By Bob Turk


MIAMI (AP/WJZ) — A hurricane warning has been issued for the central Bahamas as now category 3 hurricane Joaquin approaches.

UPDATE: Wednesday, 10:30 p.m. :

A strengthening Hurricane Joaquin approached the central islands of the Bahamas on Wednesday evening, following a projected track that would take it near the U.S. East Coast by the weekend.

Maximum sustained winds reached 105 mph (165 kph) and extended 35 miles (55 kilometers) from the center of the storm over the Atlantic Ocean, according to the U.S. National Hurricane Center in Miami, which predicted Joaquin would develop into a major hurricane in the coming days.

Authorities in the Bahamas prepared for a brush with the storm, with the center expected to pass near or over several islands during the night and Thursday.

A turn to the north and northwest toward the United States was expected late Thursday or Friday, but forecasters were still gathering data trying to determine how it might affect the U.S.

“We’ve got Air Force reconnaissance planes continuously giving us data from inside the hurricane this morning, and we’re going to be throwing a lot more aircraft resources at this problem over the next few days because it still is not certain whether or not Joaquin will directly impact the U.S. East Coast or stay out to sea,” said Rick Knabb, director of the National Hurricane Center.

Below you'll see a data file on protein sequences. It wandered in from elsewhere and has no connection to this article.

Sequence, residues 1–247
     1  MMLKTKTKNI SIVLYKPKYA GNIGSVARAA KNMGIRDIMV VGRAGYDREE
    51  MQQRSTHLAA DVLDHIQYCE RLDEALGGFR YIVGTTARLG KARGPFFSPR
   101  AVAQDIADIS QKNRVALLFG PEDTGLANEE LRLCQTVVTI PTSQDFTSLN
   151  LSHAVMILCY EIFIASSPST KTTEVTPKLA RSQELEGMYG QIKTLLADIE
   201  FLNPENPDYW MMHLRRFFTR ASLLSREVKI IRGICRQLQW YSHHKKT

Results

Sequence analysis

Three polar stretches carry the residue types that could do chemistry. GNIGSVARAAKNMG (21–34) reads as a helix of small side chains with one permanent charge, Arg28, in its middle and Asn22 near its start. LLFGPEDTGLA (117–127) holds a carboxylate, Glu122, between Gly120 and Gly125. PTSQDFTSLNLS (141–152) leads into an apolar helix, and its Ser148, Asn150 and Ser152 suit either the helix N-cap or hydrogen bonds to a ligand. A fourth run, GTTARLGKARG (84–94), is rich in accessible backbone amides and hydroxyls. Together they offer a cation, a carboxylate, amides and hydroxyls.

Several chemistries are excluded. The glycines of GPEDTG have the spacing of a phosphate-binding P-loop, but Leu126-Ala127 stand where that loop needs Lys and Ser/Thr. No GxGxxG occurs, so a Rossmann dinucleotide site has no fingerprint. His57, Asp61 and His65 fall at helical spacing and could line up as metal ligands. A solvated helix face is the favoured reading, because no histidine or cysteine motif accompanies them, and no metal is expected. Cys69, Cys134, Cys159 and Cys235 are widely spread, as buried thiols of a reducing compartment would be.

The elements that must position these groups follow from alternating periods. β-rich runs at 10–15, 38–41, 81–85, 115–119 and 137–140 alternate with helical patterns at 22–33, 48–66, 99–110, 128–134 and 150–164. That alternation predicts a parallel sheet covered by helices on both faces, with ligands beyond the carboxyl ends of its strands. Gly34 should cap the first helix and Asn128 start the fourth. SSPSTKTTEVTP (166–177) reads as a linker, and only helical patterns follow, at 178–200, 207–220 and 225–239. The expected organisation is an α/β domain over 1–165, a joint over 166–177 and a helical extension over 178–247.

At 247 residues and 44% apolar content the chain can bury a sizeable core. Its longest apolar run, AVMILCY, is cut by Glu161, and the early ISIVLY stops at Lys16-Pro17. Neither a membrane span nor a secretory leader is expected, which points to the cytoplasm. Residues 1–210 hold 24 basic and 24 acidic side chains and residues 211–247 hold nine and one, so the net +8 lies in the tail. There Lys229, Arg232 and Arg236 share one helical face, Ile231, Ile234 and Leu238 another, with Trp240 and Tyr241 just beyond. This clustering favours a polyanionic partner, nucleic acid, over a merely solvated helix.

A hurricane warning was posted for the islands of San Salvador, Cat Island, Eleuthera and Rum Cay, with the threat of storm surges, coastal flooding and 5-10 inches (13-25 centimeters) of rain, said Geoffrey Greene, a senior forecaster with the Bahamas Meteorology Department.

“We would be very concerned about them,” Greene said.

Stephen Russell, director of the country’s National Emergency Management Agency, said the approach of the storm brought storm surges that washed out a portion of the main road in San Salvador and some people in low-lying areas on the island of Mayaguana were urged to evacuate their homes.

Those islands have relatively small populations, fewer than 1,000 on San Salvador, but they are vulnerable in a storm since most of the people live along the shoreline in modest homes.

A warning also was issued for some more populous islands in the northwestern Bahamas, including Grand Bahama and New Providence, where the capital of Nassau is.

On Eleuthera, a narrow strip to the north of Cat Island, people removed stray coconuts and other debris from their yards and put up storm shutters in blustery winds, said Chris Gosling, who runs a volunteer ambulance service on the island. Islanders have learned from past storms not to take chances.

“People don’t panic too much. There’s nothing you can do about it. If it comes, it comes, and you do what you can,” said Gosling, who has lived on Eleuthera for 27 years. “If the forecast is right we will get some wind and rain and it will go back out to sea.”

The U.S. National Hurricane Center’s long-term forecast showed the storm could near the U.S. East Coast above North Carolina on Sunday.

“Residents of the Carolinas north should be paying attention and monitoring the storm. There’s no question,” said Eric Blake, a hurricane specialist with the center. “If your hurricane plans got a little dusty because of the light hurricane season, now is a good time to update them.”

The center of the storm Wednesday evening was about 95 miles (150 kilometers) east of the central Bahamas and moving toward the southwest at 7 mph (11 kph).